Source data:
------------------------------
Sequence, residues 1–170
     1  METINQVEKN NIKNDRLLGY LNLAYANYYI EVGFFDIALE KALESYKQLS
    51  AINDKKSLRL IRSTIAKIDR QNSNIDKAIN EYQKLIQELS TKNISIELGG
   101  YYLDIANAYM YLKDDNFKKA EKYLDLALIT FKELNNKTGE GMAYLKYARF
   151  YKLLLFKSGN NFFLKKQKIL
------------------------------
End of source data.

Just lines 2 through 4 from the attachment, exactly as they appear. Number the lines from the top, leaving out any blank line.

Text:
     1  METINQVEKN NIKNDRLLGY LNLAYANYYI EVGFFDIALE KALESYKQLS
    51  AINDKKSLRL IRSTIAKIDR QNSNIDKAIN EYQKLIQELS TKNISIELGG
   101  YYLDIANAYM YLKDDNFKKA EKYLDLALIT FKELNNKTGE GMAYLKYARF